The cymbal tinkles, and the drum beats loud,
As if in mockery of the solemn scene
And her who shall be something that had been.
O! this is but the world's unfeeling way
To goad the victim that it soon will slay,
And like a demon 'tis its custom still
To laugh at sorrow, and then coldly kill.
Yet dreaming sophists in this world there be
Who tell us man for man has sympathy,
Who say that tears arising out of pain
Soon see themselves reflected;—but 'tis vain—
Sure social love dwells not beneath the skies,
Or it is like the bird of paradise,
Which lights we know not where, and never can
Be found alive among the haunts of man.
Ye who in fancy's vision view the fires
Where the calm widow gloriously expires,
And, charmed, behold her ere she mounts the pile,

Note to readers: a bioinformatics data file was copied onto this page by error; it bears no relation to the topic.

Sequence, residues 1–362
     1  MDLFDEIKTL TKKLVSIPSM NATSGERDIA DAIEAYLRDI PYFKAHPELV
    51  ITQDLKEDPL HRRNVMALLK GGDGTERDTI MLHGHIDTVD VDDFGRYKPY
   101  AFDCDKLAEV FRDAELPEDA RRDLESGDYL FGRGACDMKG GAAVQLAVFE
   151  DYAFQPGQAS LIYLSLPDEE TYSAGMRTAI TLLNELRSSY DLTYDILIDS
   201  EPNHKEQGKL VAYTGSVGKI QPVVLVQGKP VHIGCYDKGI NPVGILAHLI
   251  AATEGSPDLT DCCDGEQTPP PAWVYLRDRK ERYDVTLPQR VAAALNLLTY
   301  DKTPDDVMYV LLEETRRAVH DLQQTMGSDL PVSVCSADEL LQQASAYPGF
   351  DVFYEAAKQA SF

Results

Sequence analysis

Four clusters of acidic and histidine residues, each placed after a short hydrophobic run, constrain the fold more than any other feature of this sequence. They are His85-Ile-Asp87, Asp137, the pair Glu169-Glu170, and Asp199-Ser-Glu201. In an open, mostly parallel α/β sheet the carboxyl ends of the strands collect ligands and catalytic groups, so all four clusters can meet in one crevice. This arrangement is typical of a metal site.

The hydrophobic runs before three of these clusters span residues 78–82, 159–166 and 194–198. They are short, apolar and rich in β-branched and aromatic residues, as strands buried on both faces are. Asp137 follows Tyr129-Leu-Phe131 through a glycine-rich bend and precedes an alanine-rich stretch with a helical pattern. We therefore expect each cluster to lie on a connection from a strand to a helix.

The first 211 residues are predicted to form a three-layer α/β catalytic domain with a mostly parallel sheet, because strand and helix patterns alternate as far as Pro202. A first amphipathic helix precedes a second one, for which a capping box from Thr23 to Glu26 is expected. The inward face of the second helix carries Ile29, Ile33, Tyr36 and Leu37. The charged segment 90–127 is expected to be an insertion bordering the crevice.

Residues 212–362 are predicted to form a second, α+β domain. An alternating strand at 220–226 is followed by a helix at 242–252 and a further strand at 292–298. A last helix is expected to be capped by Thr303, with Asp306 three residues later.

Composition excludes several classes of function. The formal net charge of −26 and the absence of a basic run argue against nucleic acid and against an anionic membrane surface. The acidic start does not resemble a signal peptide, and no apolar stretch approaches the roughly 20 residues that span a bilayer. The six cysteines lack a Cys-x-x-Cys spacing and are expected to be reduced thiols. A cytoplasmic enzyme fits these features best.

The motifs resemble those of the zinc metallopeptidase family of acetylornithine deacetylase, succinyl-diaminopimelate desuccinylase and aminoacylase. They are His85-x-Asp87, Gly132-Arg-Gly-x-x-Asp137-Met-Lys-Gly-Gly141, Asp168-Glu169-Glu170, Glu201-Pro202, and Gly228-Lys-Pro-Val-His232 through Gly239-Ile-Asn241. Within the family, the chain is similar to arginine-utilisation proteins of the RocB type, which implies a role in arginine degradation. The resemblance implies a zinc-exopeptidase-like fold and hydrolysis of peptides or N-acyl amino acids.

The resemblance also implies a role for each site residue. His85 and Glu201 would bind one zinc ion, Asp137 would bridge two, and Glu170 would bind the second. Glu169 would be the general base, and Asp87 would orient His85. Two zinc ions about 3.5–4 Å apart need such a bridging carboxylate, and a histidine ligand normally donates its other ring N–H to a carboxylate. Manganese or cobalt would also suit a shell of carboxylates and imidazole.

Her lip illumined by a radiant smile;
Her tearless eye disowning fear's control
Lit to reveal the heavenward soaring soul;
In hope exulting till life's hour be past,
With ardent faith, devoted to the last;
Fresh in the spotless loveliness of youth,
And all the native purity of truth;—
Ye who are lost in fancy's wondrous maze
At love you see not—O! could once you gaze
On those whom martyrs now you fondly deem!
'Twould break the magic of your golden dream
To see the beauteous but the purchased flower,
The toy that pleases but a passing hour,
The suffering victim to the altar driven,
And bid to hope for happiness in heaven--
A heaven beyond the limits of her thought,
A bliss her spirit never yet had sought—
Ah ! haply then might pity mourn above
Degraded nature, not exalted love!